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Dutch couturier Iris van Herpen has always had a way of mesmerising with
her fantasy fashion made with cutting-edge technology, with movement a key
theme, and for autumn/winter 2019 her haute couture collection showcased in
Paris’s Élysée Montmartre was inspired by the wind-powered kinetic outdoor
work of American artist Anthony Howe.

“The ‘Hypnosis’ collection is a hypnotic visualisation of nature’s
tapestry, the symbiotic cycles of our biosphere that interweave the air,
land, and oceans,” explained Iris van Herpen in the show notes. “It also
reflects the ongoing dissection of the rhythms of life and resonates with
the fragility within these interwoven worlds.’

Hypnotic is the right word, the collection finds inspiration through the
hypnotic manifolds within our ecologies, reflecting the beauty and
destruction of humans on nature’s lifestyles, with an examination of the
patterns and structures in what the couturier describes as a “fragile
landscape”.

This is showcased through Howe’s three-dimensional cyclical spherical
‘Omniverse’ sculpture, which is described as the “wind beneath the wings of
this couture collection” and the infinite expansion and contraction,
represents life cycles, while the “meditative movements” of the hypnotic
spirals of the installation hung above the catwalk served as a portal for
the collection and models.

Iris van Herpen displays cutting-edge technology with AW19 couture
collection

To create her technological ‘Hypnosis’ couture, van Herpen collaborated
with Professor Philip Beesley to create a technique that involves tens of
thousands of plotter cut mini ripples that continuously dissect the dress
through each movement of the body, revealing skin in between the whimsical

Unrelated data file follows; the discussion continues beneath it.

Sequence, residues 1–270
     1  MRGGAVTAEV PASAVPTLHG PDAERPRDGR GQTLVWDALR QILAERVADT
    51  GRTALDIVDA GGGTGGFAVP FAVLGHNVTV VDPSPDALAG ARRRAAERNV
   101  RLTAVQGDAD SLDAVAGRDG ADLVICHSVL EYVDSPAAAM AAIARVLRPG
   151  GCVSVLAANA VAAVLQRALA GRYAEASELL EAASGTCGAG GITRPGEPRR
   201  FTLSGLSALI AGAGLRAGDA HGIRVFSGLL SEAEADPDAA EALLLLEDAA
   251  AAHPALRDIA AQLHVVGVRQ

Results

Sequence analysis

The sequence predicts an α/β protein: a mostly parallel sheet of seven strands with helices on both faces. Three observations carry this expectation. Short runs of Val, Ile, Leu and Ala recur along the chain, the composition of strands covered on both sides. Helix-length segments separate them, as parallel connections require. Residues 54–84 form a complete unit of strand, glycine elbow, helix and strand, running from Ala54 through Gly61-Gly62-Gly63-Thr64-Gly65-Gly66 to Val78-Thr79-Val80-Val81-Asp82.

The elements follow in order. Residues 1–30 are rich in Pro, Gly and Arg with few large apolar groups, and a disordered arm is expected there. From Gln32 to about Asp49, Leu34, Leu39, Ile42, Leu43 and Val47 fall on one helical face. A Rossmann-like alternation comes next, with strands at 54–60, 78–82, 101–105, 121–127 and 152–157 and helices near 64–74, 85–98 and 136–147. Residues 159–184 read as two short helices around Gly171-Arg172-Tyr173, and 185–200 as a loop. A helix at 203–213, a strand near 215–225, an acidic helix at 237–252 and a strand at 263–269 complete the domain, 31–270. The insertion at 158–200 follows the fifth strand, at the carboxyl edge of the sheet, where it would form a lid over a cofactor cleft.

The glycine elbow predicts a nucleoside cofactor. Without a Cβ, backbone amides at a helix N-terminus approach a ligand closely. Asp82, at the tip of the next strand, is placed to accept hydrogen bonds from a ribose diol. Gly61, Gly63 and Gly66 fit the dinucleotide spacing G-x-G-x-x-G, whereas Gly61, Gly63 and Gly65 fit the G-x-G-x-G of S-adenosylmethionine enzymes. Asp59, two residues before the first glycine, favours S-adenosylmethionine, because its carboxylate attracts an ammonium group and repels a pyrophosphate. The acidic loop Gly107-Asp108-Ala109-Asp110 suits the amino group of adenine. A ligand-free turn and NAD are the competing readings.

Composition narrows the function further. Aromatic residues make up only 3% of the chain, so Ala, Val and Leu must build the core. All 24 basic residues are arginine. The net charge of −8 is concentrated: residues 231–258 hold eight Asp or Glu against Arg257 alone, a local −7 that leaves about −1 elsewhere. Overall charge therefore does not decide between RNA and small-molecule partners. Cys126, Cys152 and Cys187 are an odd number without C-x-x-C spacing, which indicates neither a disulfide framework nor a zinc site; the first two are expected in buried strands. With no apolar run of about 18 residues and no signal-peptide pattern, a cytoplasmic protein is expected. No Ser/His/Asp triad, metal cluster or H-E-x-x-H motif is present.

spheroid patterns. The printed Duchesse-satin is plotter cut into thousands
of 0.8 mm exquisite waves that each are interlinked, designed to move faster than the
eye can follow.

While the ‘Dichotomy’ looks are laser-printed, heat-bonded and laser-cut
into contra-positive waves. Each dissected curve is then pressed onto
hundreds of ripple-like panels that ebb and flow in an exquisite swell of
meticulously hand-stitched silk organza.

Key looks included the finale ‘Infinity’ dress, which was brought to
life through a finely balanced mechanism. The engineered skeleton of
spirals made of aluminium, stainless steel and bearings, was embroidered
with a delicate layering of feathers in cyclical flight, which revolves
around its own centre.

While other dresses looked like ink floating on water cascading down the
body, as an interpretation of the Japanese art of Suminagashi, where liquid
lines of shimmering dyed silk were cut by laser technique, before being
pressed with heat on transparent tulle, so that they seem to flow
seamlessly over the skin.

Another stunning look was constructed from multi-layered luminous
organza spheres, which challenge the relationship between surface and
substance through illusory patterns that wrap into each other infinitely,
to create a blurring pattern.

Images: courtesy of Iris van Herpen

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